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What could this bulb have been used for?

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AnythingObsc…'s loves569 of 77011926 Christmas Tree Stand,  Genesee Electric Company,  Cast Iron  Buffalo  NY.Artbeck Baster in Box 1946
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    Posted 3 months ago

    afterthought
    (3 items)

    A light bulb shaped glass filled with water or some other clear liquid. It is filled to about 4/5ths full. I know if you hold a lighter at the bottom for 15 seconds it will start to bubble or boil. The glass is about as thick as a water glass. No marking of any kind on it.
    5 inches high x 3 1/2 inches wide.

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    Comments

    1. TallCakes TallCakes, 3 months ago
      looks like maybe a fire extinguisher grenade
      https://www.worthpoint.com/worthopedia/vintage-red-comet-safety-spray-fire-2029113374
    2. keramikos, 3 months ago
      TallCakes, Wow. Just wow. :-)
    3. AnythingObscure AnythingObscure, 3 months ago
      TallCakes could be correct, it is the right basic size for one of those fire grenades but those things were always clearly labeled as such, because if so that *AIN'T* just water in there...? <eeek>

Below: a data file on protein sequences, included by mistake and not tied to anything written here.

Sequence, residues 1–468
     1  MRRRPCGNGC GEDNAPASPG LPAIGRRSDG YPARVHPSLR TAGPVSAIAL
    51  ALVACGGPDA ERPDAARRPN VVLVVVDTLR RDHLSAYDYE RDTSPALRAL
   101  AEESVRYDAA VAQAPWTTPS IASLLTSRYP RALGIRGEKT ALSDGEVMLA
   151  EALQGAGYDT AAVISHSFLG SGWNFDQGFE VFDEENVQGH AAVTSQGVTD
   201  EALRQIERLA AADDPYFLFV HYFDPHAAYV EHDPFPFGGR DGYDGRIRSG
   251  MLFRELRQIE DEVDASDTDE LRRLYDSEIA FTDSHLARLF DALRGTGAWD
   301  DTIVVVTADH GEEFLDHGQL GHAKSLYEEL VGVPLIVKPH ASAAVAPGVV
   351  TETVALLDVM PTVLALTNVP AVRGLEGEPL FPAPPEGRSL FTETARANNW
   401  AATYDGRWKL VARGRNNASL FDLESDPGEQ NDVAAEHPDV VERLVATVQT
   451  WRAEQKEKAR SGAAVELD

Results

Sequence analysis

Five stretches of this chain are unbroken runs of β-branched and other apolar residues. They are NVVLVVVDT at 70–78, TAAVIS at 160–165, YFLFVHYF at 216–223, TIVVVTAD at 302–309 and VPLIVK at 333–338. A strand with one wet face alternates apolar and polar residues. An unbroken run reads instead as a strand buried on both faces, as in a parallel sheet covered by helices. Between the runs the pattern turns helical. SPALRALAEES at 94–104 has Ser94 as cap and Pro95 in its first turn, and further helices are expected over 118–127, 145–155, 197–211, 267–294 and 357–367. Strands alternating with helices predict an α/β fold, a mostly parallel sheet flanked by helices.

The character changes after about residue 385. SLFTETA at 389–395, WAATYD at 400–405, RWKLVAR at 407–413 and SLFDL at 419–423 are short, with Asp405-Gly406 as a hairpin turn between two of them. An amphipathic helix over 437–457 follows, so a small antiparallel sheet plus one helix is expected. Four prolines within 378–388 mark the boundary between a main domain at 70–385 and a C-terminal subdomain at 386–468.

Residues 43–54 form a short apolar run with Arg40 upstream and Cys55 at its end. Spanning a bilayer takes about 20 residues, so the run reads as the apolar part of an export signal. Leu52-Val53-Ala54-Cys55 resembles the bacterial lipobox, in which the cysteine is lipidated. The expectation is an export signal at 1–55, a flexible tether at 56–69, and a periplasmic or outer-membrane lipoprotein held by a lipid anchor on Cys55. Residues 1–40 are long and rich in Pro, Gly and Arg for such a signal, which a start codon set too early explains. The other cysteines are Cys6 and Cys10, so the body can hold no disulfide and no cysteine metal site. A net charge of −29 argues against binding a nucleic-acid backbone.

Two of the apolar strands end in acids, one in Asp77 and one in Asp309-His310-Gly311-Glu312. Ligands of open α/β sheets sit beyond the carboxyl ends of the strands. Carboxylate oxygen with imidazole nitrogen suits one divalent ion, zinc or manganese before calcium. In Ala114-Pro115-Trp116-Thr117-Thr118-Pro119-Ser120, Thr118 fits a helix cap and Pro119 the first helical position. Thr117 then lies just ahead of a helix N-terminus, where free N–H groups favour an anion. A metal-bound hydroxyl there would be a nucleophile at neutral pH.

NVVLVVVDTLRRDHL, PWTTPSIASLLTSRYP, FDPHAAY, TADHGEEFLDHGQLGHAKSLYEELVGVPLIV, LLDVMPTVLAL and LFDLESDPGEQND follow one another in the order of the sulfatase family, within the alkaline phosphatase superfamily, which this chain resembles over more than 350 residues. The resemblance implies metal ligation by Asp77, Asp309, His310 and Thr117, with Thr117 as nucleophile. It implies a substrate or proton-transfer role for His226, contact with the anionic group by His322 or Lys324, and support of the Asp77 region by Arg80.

4. AnythingObscure AnythingObscure, 3 months ago
      Oh WOW indeed -- TallCakes *did* nail it on this one?!!

      Do be careful, the CarbonTetrachloride (sp?) liquid inside that bulb is reportedly pretty nasty stuff... <nono>
    5. keramikos, 3 months ago
      afterthought, Yes indeed, do be careful:

      *snip*

      Carbon tetrachloride was suitable for liquid and electrical fires and the extinguisers were fitted to motor vehicles. Carbon-tetrachloride extinguishers were withdrawn in the 1950s because of the chemical's toxicity–exposure to high concentrations damages the nervous system and internal organs. Additionally, when used on a fire, the heat can convert CTC to Phosgene gas [7], formerly used as a chemical weapon.

      *snip*

      https://www.collectorsweekly.com/stories/3203-antique-fire-extinguisher

      https://museumcrush.org/the-beauty-and-danger-in-victorian-glass-fire-grenades/

      Perhaps you should contact your local fire department for advice.
    6. afterthought, 3 months ago
      Thanks you TallCakes. I would never thought of that. Taking it down to city fire dept. for their museum.
    7. keramikos, 3 months ago
      *snip*

      When I find a fire suppression grenade in an old home and it doesn't clearly state that it contains salt water, I'll assume it contains carbon tetrachloride. I advise folks to have it disposed of professionally. Your local municipal environmental officer or fire marshal will probably have specific instructions on how it should be handled and where it can be disposed.

      *snip*

      https://www.oldhouseweb.com/how-to-advice/common-fire-safety-device-in-old-homes-a-health-hazard.shtml

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